In this tutorial I'll explain what a trouble code P0122: Throttle Position Sensor Circuit Low Voltage means and what's involved in diagnosing and repairing its cause.
I'm also going to direct you to the TPS test tutorial that you'll need to test the throttle position sensor.
Contents of this tutorial:
You can find this tutorial in Spanish here: Código P0122 ¿Qué Significa? (1996-2002 2.0L Mazda 626) (at: autotecnico-online.com).
APPLIES TO: This tutorial, on the P0122 OBD II trouble code, applies to the following vehicles:
- 2.0L Mazda 626: 1996, 1997, 1998, 1999, 2000, 2001, 2002.
RELATED TROUBLE CODES:
- P0121 -What Does It Mean? (1996-2002 2.0L Mazda 626).
- P0123 -What Does It Mean? (1996-2002 2.0L Mazda 626).
What Does Trouble Code P0122 Mean?
The throttle position sensor (TPS) creates a voltage signal that increases as the throttle plate opens.
Once the throttle plate starts to close, the TPS signal voltage decreases.
When the TPS signal voltage stays is stuck at a very low voltage, when it should be greater, a trouble code P0122: Throttle Position Sensor Circuit Low Voltage is set by the fuel injection computer.
For a more detailed explanation of how the TPS works, take a look at the section: What Does The Throttle Position Sensor Do?
Common Symptoms Of A P0122 Trouble Code
Your Mazda 626's fuel injection computer relies on the throttle position sensor to calculate how much fuel to inject into the engine, since it alerts it to changes in the throttle plate angle.
Since the TPS is an important part of the engine management system, when it fails, engine performance will suffer. You'll see one or more of the following symptoms:
- Check engine light illuminated with a TPS trouble code.
- Rough or low idle.
- Very high idle.
- Engine may start and stall.
- Little to no acceleration
What Does The Throttle Position Sensor Do?
The throttle position sensor's job is to report the changes in the throttle plate's angle as it opens/closes.
And as you're probably aware, the accelerator pedal is connected to the throttle plate via an accelerator cable. So when you step on/off the accelerator pedal, the throttle plate opens/closes.
As you step on the accelerator pedal, the throttle plate opens and more air rushes into the engine. With more air entering the engine, the fuel injection computer needs to inject more fuel.
As you step off the accelerator pedal, less air enters the engine. With less air entering the engine, the fuel injection computer needs to inject less fuel.
When the throttle plate is closed (for example, you've got your foot off the accelerator pedal), the signal voltage is about 0.4 to 0.9 Volts DC.
Now, as the throttle plate opens, the throttle position sensor signal voltage increases. At wide open throttle (WOT), the TPS signal voltage is around 4.5 Volts.
As the throttle plate closes, the throttle position sensor signal voltage decreases.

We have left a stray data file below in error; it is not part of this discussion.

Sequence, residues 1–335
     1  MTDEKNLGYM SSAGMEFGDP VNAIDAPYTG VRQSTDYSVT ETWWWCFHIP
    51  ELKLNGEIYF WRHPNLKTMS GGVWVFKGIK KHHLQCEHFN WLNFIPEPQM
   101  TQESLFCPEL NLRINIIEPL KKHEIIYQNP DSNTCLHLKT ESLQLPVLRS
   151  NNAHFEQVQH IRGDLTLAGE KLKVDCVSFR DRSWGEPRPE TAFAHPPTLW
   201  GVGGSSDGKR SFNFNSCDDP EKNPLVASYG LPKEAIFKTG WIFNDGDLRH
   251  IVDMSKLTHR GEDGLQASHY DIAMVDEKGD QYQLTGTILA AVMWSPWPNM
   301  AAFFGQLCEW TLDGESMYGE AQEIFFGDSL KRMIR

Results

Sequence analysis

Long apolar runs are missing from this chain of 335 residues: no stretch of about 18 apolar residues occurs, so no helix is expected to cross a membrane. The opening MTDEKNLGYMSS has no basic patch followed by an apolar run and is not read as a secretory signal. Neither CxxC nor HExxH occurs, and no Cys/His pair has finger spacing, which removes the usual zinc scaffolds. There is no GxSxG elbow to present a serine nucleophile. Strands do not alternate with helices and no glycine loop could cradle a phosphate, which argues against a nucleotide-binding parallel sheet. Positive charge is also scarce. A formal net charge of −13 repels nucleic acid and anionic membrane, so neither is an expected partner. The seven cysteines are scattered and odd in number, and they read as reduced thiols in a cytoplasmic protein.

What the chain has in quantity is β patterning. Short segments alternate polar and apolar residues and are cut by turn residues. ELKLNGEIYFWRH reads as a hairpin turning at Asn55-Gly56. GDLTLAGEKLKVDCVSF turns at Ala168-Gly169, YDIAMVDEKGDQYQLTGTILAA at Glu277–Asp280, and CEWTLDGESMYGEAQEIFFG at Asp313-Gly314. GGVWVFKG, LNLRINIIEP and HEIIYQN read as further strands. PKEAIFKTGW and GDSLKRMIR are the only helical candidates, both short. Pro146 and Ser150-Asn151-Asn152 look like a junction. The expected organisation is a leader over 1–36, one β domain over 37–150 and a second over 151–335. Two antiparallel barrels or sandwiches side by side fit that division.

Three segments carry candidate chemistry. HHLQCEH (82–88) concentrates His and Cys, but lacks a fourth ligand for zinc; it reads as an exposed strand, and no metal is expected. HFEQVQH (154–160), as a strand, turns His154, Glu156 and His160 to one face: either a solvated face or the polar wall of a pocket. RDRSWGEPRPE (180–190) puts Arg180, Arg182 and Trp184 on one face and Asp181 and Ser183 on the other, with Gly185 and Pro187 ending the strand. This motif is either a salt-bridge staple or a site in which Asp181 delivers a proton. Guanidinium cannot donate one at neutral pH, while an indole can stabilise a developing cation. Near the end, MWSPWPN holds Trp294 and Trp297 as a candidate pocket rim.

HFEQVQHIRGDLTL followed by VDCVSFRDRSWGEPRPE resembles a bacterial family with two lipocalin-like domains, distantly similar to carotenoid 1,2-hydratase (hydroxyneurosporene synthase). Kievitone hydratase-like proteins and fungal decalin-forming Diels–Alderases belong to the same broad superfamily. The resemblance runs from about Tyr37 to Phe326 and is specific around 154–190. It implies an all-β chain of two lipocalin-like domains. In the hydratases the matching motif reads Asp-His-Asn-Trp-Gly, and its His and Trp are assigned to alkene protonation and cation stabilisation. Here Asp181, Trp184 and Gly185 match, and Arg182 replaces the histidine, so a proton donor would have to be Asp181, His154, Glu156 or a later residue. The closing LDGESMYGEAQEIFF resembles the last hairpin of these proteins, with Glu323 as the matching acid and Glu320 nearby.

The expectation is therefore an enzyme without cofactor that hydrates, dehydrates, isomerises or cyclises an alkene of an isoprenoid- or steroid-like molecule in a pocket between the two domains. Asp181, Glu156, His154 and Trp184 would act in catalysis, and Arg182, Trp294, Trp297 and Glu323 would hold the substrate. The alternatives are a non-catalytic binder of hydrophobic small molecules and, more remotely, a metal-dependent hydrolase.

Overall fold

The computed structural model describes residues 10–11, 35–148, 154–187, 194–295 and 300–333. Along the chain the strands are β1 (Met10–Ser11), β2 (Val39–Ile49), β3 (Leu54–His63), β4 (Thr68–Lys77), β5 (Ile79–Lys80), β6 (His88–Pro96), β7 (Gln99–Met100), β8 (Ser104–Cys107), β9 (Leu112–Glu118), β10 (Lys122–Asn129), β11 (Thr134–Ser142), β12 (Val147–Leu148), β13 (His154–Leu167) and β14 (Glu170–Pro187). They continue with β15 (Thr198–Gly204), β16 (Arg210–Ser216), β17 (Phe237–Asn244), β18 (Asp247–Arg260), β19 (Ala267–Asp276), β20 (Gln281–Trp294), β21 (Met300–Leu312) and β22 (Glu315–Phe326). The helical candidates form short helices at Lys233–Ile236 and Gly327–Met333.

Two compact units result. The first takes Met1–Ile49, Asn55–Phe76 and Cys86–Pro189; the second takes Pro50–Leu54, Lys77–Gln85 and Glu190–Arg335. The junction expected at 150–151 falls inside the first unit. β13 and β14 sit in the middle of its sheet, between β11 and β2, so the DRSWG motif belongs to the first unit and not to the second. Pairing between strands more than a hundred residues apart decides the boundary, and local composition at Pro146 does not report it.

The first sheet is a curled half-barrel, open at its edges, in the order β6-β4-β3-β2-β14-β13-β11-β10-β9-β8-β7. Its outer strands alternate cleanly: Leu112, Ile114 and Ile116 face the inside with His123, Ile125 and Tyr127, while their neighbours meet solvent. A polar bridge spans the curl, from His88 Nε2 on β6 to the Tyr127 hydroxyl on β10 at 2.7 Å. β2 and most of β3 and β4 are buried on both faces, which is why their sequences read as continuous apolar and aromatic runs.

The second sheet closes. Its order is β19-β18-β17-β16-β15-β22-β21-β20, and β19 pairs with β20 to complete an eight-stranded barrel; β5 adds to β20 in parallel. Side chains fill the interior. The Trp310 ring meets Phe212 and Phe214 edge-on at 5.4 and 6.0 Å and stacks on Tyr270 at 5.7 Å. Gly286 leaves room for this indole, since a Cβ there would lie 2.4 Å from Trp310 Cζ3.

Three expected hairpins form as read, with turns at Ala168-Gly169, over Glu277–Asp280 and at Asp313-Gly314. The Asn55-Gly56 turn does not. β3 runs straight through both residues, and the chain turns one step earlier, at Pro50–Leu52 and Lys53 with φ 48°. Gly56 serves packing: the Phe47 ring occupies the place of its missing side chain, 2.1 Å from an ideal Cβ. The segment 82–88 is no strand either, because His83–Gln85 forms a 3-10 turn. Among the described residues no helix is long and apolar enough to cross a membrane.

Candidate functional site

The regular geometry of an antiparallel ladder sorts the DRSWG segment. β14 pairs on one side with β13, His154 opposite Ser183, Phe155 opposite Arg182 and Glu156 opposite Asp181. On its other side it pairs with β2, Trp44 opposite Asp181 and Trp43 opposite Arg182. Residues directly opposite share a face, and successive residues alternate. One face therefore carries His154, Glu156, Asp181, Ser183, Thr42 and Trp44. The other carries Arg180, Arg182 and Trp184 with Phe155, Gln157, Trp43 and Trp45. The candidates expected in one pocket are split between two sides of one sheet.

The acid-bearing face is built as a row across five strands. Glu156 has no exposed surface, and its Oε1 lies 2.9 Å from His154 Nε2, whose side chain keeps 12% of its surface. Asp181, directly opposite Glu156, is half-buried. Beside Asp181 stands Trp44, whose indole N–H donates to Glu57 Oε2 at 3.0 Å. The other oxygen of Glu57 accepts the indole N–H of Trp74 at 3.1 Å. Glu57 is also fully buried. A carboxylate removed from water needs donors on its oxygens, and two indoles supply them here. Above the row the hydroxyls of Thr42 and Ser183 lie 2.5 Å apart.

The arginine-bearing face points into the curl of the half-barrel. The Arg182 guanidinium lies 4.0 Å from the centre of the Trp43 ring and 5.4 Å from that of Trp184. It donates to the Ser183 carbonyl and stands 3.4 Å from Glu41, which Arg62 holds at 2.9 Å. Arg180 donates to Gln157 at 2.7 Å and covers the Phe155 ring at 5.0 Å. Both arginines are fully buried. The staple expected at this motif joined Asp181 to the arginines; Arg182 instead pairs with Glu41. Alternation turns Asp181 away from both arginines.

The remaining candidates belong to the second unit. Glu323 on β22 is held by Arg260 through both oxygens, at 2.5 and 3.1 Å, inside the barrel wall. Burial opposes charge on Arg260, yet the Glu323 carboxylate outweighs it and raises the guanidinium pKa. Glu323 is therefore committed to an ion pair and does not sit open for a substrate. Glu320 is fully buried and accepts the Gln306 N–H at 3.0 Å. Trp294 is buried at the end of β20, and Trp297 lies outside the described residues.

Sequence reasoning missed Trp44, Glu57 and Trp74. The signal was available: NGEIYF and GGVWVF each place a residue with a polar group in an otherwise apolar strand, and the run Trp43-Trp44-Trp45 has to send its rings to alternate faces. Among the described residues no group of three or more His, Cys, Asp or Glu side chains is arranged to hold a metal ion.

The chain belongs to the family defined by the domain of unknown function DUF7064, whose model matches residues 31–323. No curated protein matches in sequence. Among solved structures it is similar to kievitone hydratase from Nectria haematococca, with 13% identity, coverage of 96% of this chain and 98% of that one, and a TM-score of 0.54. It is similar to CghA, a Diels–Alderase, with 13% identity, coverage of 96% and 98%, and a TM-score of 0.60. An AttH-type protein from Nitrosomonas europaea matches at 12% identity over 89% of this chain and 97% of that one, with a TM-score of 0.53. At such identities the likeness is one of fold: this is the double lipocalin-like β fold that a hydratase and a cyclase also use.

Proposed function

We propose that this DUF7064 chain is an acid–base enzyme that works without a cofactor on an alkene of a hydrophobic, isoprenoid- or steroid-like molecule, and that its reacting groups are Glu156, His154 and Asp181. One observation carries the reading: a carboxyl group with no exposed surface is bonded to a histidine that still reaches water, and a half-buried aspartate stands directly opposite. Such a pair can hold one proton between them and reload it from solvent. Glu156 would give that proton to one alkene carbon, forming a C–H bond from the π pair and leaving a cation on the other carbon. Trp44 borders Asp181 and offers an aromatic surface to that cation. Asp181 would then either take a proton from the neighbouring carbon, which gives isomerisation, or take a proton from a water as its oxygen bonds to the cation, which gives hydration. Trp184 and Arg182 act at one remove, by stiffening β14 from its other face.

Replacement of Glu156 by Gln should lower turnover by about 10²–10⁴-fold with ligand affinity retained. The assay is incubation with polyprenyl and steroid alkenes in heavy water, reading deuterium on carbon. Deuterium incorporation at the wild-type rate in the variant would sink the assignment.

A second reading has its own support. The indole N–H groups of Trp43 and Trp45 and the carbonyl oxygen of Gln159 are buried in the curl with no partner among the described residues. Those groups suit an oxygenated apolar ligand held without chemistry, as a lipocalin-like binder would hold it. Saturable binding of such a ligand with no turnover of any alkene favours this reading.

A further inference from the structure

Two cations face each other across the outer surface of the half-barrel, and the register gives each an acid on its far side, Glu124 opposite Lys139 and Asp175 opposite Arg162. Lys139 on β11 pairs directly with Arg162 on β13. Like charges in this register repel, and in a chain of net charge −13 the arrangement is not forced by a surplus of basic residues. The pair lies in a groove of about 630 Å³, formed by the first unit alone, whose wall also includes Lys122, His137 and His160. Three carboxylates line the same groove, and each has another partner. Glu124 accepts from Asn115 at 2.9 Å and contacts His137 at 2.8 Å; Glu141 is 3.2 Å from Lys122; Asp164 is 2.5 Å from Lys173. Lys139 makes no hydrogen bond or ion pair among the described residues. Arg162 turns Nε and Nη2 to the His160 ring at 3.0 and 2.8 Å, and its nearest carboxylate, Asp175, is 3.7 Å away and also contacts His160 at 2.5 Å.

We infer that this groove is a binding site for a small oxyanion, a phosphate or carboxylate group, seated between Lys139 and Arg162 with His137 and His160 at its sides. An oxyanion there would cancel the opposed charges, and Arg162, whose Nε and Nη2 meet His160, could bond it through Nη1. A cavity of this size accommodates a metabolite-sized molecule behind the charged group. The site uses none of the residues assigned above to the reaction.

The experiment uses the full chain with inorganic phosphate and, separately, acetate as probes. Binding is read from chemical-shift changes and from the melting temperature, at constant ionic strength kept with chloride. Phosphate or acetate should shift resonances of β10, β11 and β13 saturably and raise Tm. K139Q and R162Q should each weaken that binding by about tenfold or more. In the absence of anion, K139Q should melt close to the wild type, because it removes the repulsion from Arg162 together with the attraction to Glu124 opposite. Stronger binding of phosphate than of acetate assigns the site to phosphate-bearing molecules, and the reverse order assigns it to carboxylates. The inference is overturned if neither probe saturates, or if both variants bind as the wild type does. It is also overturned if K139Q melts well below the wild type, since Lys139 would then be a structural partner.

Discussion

As long as the fuel injection computer sees the TPS voltage signal increasing/decreasing, it knows you're stepping ON/OFF the accelerator pedal (and that the TPS is functioning correctly).
What Causes A P0122 Trouble Code?
The most common cause of a P0122 trouble code is a bad throttle position sensor.
Unfortunately, a bad TPS is not the only cause of a P0122 trouble code. Here's a basic list of a few other things that can cause it:
- An open-circuit problem in the TPS signal wire between the TPS and the fuel injection computer.
- An short-circuit problem in the TPS signal wire between the TPS and the fuel injection computer.
- The throttle position sensor is not receiving 5 Volts.
- A bad TPS connector.
- Bad fuel injection computer (although very rare).
How To Diagnose And Repair A P0122 Trouble Code
Troubleshooting and repairing a P0122 trouble code involves testing the throttle position sensor and making sure that:
- The TPS signal voltage increases/decreases as the throttle plate opens/closes (and is not stuck producing a low voltage value).
- The TPS is getting 5 Volts from the fuel injection computer.
- The TPS is getting Ground from the fuel injection computer.
You can correctly conclude that the TPS is bad and the cause of the P0122 trouble code if:
- Your test results confirm that the TPS signal voltage DOES NOT increase as you open/close the throttle plate.
- Your test results confirm that the TPS is getting 5 Volts.
- Your test results confirm that the TPS is getting Ground.
I've written a tutorial that'll help you test the TPS on your 1996-2002 2.0L Mazda 626. You can find it here: How To Test The TPS (1994-2002 2.0L Mazda 626).
Where To Buy The TPS And Save
The following links will help you comparison shop for the throttle position sensor of a known and solid name brand (Walker Products):
More 2.0L Mazda 626 Tutorials
You can find a complete list of 2.0L Mazda 626 tutorials in this index:
Here's a small sample of the tutorials you'll find in the index:
- How To Test For A Blown Head Gasket (2.0L Mazda 626).
- How To Test The MAF Sensor (1996-1997 2.0L Mazda 626).
- How To Test Engine Compression (2.0L Mazda 626).
- How To Test The Fuel Pump (1994-1999 2.0L Mazda 626).
If this info saved the day, buy me a beer!